The Ocean at the End of the Lane is full of juvenile melancholy and terrifying darkness. Darkness as we know from dreadful fairy tales. Those that would leave you terrorised for days.
The darkness was stirred and things that ripped the veil between the worlds endangered the existence of the planet and lives of everybody. The creation of the world described by Gaiman is simply amazing. The wonderfully beautiful and dangerous creatures, called varmints, can either restore order or devour the world as we know it. Lettie and the boy keep fighting but fear and destruction can unexpectedly make people over cowardly or brave. In the spur of a moment, one action leads to terrifying consequences. The friendship is tested by the utmost sacrifice that leaves you with a tear or two rolling lonely down your cheek to avenge the hero.
Gaiman describes what his childhood was like through the eyes of this little boy who one summer gained so much and lost even more. This compelling story threw me back to my childhood and I wasn’t sure if I was ready to tackle what I faced. Things which are best left untouched, but things nevertheless that make you the person you are through this incredible journey from curious childhood, through darkness, to an adulthood full of uncertainty, regret and unfulfilled expectations.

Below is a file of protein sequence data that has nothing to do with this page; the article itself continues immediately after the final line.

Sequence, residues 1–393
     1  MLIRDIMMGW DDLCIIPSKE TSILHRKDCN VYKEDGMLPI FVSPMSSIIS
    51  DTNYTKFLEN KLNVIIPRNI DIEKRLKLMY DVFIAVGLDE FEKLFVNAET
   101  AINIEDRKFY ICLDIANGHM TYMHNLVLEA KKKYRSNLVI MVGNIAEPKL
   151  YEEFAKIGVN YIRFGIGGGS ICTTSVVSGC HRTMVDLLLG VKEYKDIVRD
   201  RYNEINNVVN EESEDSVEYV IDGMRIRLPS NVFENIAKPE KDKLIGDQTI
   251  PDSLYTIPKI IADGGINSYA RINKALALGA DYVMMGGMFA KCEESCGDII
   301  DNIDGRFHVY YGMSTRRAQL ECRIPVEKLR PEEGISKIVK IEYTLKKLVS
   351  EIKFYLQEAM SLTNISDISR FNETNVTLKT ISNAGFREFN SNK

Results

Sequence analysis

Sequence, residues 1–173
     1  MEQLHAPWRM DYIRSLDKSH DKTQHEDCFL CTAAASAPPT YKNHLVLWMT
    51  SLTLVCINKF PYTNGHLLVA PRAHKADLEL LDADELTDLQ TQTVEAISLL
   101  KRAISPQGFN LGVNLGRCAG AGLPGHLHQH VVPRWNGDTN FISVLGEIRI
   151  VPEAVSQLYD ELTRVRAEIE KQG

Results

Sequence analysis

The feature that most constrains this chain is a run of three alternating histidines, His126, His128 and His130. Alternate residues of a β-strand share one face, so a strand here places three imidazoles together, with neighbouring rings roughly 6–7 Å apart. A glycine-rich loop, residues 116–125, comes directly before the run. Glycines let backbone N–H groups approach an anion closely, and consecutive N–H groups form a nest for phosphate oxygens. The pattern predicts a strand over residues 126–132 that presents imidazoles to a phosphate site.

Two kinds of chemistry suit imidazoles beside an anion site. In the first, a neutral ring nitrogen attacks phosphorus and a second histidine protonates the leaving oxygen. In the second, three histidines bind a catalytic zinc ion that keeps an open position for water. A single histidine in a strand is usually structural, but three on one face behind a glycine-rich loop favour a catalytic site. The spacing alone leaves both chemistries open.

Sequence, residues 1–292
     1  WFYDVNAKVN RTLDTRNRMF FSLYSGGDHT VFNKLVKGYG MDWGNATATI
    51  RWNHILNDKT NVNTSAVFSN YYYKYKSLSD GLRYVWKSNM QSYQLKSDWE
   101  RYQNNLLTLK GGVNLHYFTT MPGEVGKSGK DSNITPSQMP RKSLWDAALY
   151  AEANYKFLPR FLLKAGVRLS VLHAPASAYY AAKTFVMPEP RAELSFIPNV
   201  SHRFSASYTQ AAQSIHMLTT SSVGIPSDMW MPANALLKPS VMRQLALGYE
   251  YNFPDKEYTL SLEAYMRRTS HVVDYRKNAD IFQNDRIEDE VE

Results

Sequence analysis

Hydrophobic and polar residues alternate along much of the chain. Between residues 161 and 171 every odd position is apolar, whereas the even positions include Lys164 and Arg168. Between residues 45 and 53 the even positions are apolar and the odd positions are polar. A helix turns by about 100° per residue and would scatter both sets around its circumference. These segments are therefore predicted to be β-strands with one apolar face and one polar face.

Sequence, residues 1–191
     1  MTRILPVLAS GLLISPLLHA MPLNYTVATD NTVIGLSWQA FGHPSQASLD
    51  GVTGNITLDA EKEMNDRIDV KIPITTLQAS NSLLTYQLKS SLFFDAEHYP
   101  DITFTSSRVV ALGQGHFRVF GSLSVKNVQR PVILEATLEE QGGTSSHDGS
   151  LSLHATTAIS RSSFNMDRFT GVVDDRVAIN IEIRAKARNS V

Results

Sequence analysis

The Ocean at the End of the Lane is an extraordinary book that tackles the transition between the world seen by a child to the world of an adult. Neil Gaiman discussed this book and the importance of childhood memories with psychologist and writer, Charles Fernyhough, during their event at the Edinburgh International Book Festival in August this year. They talked about the intricate way how memories are either forgotten or repressed during the process of growing up but how they can be triggered and revived by certain feelings, smells etc. Also, how important they might be.
The Ocean at the End of the Lane is a brilliant book full of superb fantasy, Gaiman-style, with a compelling story of ultimate sacrifice and growing up to be who one wants to be despite, sometimes unreasonable, expectations of the world. I love the language and sheer honesty with which the story is relayed. I found myself thinking about my own childhood for a long time after I finished the book. The characters are outstanding. Immortal inhabitants of the Hempstock farm are astonishing and incredibly fascinating. I need to admit I adore varmints, the hunger birds. The book brought Chagall paintings and Poe’s writing to my mind – the hazy style of mystery and dread – as if it could have just been a dream. It was a very different book to other ones written by Neil Gaiman – maybe because of the very personal touch to the story. However, I absolutely adored the book because of the story itself and because of the brilliant characters and atmosphere that was both delightful and terrifying or simply delightfully terrifying – just the way Gaiman conjures the wor(l)ds.
I would recommend the book not only to fans of Neil Gaiman but to anybody who would like a magical journey back in time to when life was much simpler, yet more complicated.
Author: Neil Gaiman
Title: The Ocean at the End of the Lane
Publisher: Headline Review
Format: Hardback, 256 pages
ISBN: 9781472200310 (Hardback)